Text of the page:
Australian Prime Minister Scott Morrison told Israel’s prime minister that he is considering following in the footsteps of the Trump administration by formally recognizing Jerusalem as the country’s capital Monday.
The potentially major shift in Australia’s foreign policy would align Morrison’s conservative government closer to the US and Israel, but likely draw widespread condemnation from the Arab Muslim world. It comes as Canberra’s former envoy to Israel, who also said he favors such a move, is running for a crucial parliamentary seat in a heavily Jewish area of Sydney.
Morrison is scheduled to make a foreign policy statement on Tuesday in which he is expected to announce he is considering recognizing Jerusalem as Israel’s capital. The statement is also set to include the announcement of a review of Australia’s support for the 2015 Iran nuclear deal. Morrison is also set to declare that Australia will vote at the UN against a resolution formally confirming the “State of Palestine” as the chair of the Group of 77.
Morrison discussed the Jerusalem move with Prime Minister Benjamin Netanyahu in a Monday phone call, according to Netanyahu’s office. A statement said Morrison confirmed to Netanyahu that he was considering recognizing Jerusalem and moving the embassy.
The Israeli premier thanked his Australian counterpart for considering the move, and the two discussed ways to strengthen bilateral relations, according to the statement.
According to news site The Australian, recognition of Jerusalem would lead to deepened defense ties with Israel, including an agreement to appoint military attaches in each other’s embassies for the first time.
Morrison told the news site that the possible policy shift would not change Canberra’s longstanding support for a two-state solution to the Israeli-Palestinian conflict.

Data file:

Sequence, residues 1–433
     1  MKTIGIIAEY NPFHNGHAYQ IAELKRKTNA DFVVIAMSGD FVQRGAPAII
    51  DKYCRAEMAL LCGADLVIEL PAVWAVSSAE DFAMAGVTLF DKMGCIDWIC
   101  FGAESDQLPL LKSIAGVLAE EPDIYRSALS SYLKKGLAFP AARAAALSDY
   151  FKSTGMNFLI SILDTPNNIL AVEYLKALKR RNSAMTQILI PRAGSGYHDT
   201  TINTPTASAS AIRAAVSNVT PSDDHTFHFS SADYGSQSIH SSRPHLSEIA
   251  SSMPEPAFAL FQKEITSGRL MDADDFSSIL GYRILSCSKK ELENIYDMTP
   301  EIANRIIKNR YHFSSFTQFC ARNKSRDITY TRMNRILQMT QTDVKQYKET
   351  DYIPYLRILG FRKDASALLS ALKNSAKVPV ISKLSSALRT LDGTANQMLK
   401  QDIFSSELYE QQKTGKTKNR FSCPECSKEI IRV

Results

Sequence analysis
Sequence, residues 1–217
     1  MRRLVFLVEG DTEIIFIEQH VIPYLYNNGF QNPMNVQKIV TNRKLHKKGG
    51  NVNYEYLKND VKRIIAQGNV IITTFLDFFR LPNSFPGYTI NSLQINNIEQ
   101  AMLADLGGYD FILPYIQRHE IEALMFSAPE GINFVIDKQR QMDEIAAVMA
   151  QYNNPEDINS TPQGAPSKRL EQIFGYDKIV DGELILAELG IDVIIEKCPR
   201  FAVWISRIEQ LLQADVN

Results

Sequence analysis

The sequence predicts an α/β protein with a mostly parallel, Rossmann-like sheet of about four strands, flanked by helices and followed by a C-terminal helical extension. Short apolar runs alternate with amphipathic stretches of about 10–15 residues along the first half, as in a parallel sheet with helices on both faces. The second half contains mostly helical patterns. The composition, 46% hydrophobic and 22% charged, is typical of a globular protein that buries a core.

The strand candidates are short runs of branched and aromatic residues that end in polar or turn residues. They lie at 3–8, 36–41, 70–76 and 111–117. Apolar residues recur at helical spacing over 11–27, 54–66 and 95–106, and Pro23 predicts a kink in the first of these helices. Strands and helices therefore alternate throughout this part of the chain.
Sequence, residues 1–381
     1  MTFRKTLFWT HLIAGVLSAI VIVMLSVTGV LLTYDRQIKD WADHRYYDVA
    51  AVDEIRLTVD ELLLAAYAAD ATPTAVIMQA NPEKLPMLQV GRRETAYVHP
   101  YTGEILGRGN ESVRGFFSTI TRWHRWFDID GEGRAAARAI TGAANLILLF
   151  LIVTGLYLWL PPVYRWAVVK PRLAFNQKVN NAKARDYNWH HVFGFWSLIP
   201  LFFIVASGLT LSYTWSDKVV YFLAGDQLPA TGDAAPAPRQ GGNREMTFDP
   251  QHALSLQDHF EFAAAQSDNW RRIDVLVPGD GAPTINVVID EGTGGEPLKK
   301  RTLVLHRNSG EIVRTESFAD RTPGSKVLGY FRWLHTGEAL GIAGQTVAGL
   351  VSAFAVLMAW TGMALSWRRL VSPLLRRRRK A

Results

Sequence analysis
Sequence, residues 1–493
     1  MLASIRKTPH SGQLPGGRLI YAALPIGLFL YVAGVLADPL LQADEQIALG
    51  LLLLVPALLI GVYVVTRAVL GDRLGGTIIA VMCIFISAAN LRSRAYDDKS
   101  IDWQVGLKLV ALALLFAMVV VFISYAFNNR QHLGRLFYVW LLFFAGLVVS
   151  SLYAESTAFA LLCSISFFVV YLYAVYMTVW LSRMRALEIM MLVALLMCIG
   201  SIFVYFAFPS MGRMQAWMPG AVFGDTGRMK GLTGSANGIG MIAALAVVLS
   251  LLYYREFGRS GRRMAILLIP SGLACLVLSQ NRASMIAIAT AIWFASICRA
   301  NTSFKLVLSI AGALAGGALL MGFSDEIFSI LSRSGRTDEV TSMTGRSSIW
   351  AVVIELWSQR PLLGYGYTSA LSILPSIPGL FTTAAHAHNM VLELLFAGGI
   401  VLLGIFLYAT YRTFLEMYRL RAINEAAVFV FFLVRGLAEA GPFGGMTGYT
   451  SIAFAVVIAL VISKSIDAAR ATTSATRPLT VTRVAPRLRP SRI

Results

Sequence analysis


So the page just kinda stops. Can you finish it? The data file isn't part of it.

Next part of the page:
The prime minister said that former ambassador to Israel, Dave Sharma, convinced him to consider the shift in policy, calling his proposal on Jerusalem a “practical and insightful way forward which I’ve found quite persuasive.”
“When sensible suggestions are put forward that are consistent with your policy positioning and in this case pursuing a two-state solution, Australia should be open-minded to this and I am open-minded to this and our government is open-minded to this,” Morrison told reporters.
Sharma is running as the Liberal candidate for parliament in the Wentworth district, in New South Wales.
The seat representing the heavily Jewish area was left vacant after outgoing Prime Minister Malcolm Turnbull resigned last month. Winning the seat is crucial for Morrison, whose Liberal government holds a one-seat majority in parliament.
Speaking to reporters on Monday, Morrison denied that the announcement was related to the Wentworth election later this week, and said his foreign policy announcement was prompted by the need to explain Australia’s “no” vote at the UN this week.
Morrison told The Australian that transferring the embassy to West Jerusalem would not abandon Canberra’s support for East Jerusalem as the capital of a future Palestinian state.
He said the recognition of Jerusalem was previously discussed by top cabinet members, including former foreign minister Julie Bishop, after Trump announced the US recognition of the Israeli capital last December.
Morrison said the issue of Iran has been raised numerous times since he was elected prime minister last month, and that he “will be reviewing” Australia’s position on the 2015 nuclear deal.
Though Australia is not a signatory of the Obama-era deal, Morrison said that withdrawing Australian support for the accord in line with the US would be a symbolic gesture.
“I’ve indicated that I share concerns about Iran’s destabilizing behavior in the Middle East,” he said.
Earlier on Monday, Sharma argued in favor of recognizing Jerusalem during a election event in Bondi.
He told The Australian that “everyone” accepts that West Jerusalem would remain under Israeli sovereignty under any two-state deal, but said the matter must be considered in the “context of our support for a two-state solution, and whether such a move would help further a sovereign two-state solution.”